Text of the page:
The Poems of Henry Van Dyke eBook

This eBook from the Gutenberg Project consists of approximately 381 pages of information about The Poems of Henry Van Dyke.

  Drink of the magical potion music has mixed with her wine,
  Full of the madness of motion, joyful, exultant, divine! 
        Leave all your troubles behind you,
        Ride where they never can find you,
          Into the gladness of morn,
  With the long, clear note of the hunting-horn,
        Swiftly o’er hillock and hollow,
          Sweeping along with the wind,—­
        Follow, you hunters, follow,
          Follow and find!

  What will you reach with your riding?  What is the charm of the chase? 
  Just the delight and the striding swing of the jubilant pace. 
        Danger is sweet when you front her,—­
        In at the death, every hunter! 
        Now on the breeze the mort is borne
  In the long, clear note of the hunting-horn,
        Winding merrily, over and over,—­
          Come, come, come! 
        Home again, Ranger! home again, Rover! 
          Turn again, home!




  Now let the sleep-tune blend with the play-tune,
  Weaving the mystical spell of the dance;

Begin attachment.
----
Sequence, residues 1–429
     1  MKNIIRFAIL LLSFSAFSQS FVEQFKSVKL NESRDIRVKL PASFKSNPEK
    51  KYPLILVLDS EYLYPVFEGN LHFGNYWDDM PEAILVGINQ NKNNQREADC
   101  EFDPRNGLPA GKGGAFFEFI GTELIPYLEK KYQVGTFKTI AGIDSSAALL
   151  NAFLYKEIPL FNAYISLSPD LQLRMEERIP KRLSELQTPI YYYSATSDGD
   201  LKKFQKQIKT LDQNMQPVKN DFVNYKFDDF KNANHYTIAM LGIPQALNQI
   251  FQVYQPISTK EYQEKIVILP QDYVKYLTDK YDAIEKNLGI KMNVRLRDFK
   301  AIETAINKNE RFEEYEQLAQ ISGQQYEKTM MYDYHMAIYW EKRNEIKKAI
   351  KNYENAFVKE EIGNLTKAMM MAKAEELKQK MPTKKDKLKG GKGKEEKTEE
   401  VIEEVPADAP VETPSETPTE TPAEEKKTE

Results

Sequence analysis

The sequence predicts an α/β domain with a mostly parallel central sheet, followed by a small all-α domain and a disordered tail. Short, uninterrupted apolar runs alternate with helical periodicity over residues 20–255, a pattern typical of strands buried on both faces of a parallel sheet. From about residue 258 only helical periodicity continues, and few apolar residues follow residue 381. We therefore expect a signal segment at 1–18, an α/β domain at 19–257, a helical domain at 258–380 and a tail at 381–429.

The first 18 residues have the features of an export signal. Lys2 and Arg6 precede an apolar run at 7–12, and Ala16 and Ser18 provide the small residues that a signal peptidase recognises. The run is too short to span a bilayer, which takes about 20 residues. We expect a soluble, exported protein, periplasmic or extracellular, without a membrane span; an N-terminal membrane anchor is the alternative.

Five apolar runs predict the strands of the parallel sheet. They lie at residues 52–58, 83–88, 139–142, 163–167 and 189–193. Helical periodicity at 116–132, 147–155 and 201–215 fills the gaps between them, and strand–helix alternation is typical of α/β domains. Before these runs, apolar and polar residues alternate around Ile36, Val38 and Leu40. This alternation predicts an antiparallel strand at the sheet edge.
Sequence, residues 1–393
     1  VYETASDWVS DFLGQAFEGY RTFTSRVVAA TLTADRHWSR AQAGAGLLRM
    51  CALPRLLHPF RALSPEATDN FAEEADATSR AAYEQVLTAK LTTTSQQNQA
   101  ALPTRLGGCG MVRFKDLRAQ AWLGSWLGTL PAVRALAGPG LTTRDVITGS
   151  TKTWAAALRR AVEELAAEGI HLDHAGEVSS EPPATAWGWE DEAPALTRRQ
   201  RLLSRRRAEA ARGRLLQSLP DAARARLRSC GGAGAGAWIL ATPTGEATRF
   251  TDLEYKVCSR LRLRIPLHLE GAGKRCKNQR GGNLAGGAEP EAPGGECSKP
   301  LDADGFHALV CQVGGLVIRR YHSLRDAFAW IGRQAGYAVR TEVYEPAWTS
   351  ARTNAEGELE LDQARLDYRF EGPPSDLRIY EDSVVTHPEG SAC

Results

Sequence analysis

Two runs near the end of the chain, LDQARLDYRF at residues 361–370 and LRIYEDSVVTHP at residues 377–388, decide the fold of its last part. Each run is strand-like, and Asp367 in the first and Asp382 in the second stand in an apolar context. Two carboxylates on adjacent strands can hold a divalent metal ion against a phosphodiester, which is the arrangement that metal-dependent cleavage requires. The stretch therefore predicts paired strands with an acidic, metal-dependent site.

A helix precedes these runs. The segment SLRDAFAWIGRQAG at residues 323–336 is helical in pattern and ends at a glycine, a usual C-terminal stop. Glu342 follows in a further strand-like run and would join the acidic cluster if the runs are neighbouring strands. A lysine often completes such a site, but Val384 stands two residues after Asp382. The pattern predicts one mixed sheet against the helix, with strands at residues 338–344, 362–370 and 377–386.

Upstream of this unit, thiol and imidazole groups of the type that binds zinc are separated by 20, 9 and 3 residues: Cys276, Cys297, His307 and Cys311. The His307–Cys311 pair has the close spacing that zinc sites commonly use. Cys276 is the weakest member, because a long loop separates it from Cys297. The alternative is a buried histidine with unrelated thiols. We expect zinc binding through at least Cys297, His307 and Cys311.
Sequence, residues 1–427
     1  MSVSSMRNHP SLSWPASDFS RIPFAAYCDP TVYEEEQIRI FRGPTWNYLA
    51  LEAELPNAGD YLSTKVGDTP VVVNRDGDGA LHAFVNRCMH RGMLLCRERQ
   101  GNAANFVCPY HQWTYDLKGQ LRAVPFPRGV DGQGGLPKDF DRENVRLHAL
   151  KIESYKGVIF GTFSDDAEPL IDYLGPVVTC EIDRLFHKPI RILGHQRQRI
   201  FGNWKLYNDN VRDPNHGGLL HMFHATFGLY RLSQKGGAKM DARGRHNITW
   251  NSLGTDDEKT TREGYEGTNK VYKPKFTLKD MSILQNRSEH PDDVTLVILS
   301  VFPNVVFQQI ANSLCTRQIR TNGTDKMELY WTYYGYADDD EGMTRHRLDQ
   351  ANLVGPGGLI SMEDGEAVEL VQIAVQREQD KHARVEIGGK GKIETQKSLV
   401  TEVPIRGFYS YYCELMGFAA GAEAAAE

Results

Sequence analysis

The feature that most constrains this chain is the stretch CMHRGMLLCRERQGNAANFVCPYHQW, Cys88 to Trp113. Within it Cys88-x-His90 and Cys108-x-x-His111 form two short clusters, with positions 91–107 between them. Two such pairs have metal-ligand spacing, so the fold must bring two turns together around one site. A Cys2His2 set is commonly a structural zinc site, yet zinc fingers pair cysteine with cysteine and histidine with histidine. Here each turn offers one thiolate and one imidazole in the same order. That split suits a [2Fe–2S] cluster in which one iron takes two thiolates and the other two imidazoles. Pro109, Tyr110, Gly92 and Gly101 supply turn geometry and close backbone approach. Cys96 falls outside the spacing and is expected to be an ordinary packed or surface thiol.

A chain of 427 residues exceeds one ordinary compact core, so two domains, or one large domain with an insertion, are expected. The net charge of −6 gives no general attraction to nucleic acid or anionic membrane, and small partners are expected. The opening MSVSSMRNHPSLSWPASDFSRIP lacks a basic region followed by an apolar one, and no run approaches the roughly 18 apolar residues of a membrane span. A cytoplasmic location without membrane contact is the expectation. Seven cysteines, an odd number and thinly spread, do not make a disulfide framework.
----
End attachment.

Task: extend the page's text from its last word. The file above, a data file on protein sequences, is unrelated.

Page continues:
Lighten the deep tune, soften the gay tune,
  Mingle a tempo that turns in a trance. 
  Half of it sighing, half of it smiling,
  Smoothly it swings, with a triplicate beat;
  Calling, replying, yearning, beguiling,
  Wooing the heart and bewitching the feet. 
        Every drop of blood
        Rises with the flood,
    Rocking on the waves of the strain;
        Youth and beauty glide
        Turning with the tide—­
      Music making one out of twain,
  Bearing them away, and away, and away,
        Like a tone and its terce—­
  Till the chord dissolves, and the dancers stay,
          And reverse.

  Violins leading, take up the measure,
  Turn with the tune again,—­clarinets clear
  Answer their pleading,—­harps full of pleasure
  Sprinkle their silver like light on the mere. 
        Semiquaver notes,
        Merry little motes,
        Tangled in the haze
        Of the lamp’s golden rays,
        Quiver everywhere
          In the air,
          Like a spray,—­
  Till the fuller stream of the might of the tune,
  Gliding like a dream in the light of the moon,
  Bears them all away, and away, and away,
      Floating in the trance of the dance.


  Then begins a measure stately,
      Languid, slow, serene;
  All the dancers move sedately,
  Stepping leisurely and straitly,
      With a courtly mien;
  Crossing hands and changing places,
      Bowing low between,
  While the minuet inlaces
  Waving arms and woven paces,—­
      Glittering damaskeen. 
  Where is she whose form is folden
      In its royal sheen? 
  From our longing eyes withholden
  By her mystic girdle golden,
      Beauty sought but never seen,
  Music walks the maze, a queen.

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The Poems of Henry Van Dyke from Project Gutenberg. Public domain.